The virtual world makes self-development possible
In his dissertation in the field of art education, MA Owen Kelly examines how virtual worlds can be used as learning tools. The research was influenced by the observation that earlier, virtual worlds were often unsuccessful in one way or another.
'As the research progressed, we peeled the layers off this core question until we reached the fundamental question: When we talk about people learning, what exactly do we mean by “people”? says Kelly.
He answers this question by saying that people are stories all the way down. According to Kelly, it is essential to recognise this fact so that virtual worlds can be used as tools for learning, well-being, therapy and personal growth.
'In contrast to common thinking, there is no unchanging, real self that we use as the foundation for building our identity. Instead, a person is a collection of different stories that he/she regularly edits and illustrates again. For example, when we tell someone else about our memories, we change them a little every time. This is how we constantly "reinvent ourselves", explains Kelly.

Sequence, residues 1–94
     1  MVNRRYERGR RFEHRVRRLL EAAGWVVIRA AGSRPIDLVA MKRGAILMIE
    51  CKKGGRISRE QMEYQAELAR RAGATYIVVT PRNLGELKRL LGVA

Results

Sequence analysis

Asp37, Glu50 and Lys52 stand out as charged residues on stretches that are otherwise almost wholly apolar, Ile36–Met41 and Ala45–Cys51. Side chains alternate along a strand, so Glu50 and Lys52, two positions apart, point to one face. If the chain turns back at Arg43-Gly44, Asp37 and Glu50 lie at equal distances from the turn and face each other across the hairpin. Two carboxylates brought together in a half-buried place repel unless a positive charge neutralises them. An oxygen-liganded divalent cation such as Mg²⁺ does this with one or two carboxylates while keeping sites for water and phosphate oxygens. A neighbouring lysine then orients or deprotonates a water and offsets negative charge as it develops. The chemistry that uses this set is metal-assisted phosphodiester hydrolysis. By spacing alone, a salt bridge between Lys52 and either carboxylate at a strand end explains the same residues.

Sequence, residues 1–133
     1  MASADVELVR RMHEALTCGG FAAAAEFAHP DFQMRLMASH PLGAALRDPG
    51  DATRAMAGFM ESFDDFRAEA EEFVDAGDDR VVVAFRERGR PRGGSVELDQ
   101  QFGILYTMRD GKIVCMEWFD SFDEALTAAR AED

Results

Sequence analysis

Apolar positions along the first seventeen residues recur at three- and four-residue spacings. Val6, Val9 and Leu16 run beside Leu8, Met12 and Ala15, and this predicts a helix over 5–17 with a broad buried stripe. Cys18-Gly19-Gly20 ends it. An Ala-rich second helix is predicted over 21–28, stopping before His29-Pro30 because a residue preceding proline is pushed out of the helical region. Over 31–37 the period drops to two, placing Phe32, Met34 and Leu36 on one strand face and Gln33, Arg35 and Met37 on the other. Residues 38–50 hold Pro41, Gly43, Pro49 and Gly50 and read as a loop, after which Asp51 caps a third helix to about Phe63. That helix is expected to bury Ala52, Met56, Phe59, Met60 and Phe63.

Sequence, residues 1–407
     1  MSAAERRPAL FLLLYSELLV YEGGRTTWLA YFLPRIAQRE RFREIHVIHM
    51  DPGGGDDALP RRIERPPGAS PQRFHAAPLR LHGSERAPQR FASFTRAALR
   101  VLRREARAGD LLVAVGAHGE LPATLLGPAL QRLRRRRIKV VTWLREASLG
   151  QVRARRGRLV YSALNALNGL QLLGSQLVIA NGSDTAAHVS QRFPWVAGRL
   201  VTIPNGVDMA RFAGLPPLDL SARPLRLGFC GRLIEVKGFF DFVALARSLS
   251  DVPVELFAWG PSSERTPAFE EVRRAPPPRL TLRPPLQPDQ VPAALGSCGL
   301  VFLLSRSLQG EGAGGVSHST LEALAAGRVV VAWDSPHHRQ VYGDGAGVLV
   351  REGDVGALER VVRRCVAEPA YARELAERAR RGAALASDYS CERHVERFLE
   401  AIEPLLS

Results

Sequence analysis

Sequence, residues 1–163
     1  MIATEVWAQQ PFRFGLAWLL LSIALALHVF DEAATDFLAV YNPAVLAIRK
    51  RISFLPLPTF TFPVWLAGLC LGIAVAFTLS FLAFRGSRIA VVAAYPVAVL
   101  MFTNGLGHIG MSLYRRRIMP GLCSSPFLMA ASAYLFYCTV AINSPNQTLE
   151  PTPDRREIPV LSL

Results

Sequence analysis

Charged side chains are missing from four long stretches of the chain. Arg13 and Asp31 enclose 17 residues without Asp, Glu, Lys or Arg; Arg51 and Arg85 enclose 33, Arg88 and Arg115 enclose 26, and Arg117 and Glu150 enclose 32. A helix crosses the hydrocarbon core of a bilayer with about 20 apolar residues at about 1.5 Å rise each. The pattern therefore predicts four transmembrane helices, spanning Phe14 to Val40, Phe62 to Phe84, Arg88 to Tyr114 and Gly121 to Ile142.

Virtual meditation spaces and 3D diaries
The dissertation is based on the Marinetta Ombro project carried out at Arcada University of Applied Sciences, during which students and teachers built a digital version of Rosario Island in a Second Life virtual world. The project revealed how people think, feel and act inside synthetic worlds.
Based on the results, Kelly developed prototypes of different miniature virtual worlds, which can be used as tools for self-authorship and development. The virtual worlds were created with the OpenSimulator 3D application platform and intended for individual users. Adults, parents and children each have their own space.
'The aim is to be able to use the virtual worlds that I created as meditation spaces and 3D diaries. They include simple games that serve as oracles by providing users with image and text material to consider.
Public examination of the doctoral dissertation
Mr Kelly will defend his dissertation ”Ambient Learning and Self Authorship” at noon on Friday 28 August 2015 at Aalto University School of Arts, Design and Architecture in Media Centre Lume's Sampo Hall, Hämeentie 135 C, Helsinki. PhD Bryan Alexander, National Institute for Technology and Liberal Education NITLE, will act as the Opponent. The dissertation is available for order from the Aalto University online bookshop shop.aalto.fi. Please send any enquiries to [email protected],or call +358 50 313 7086.
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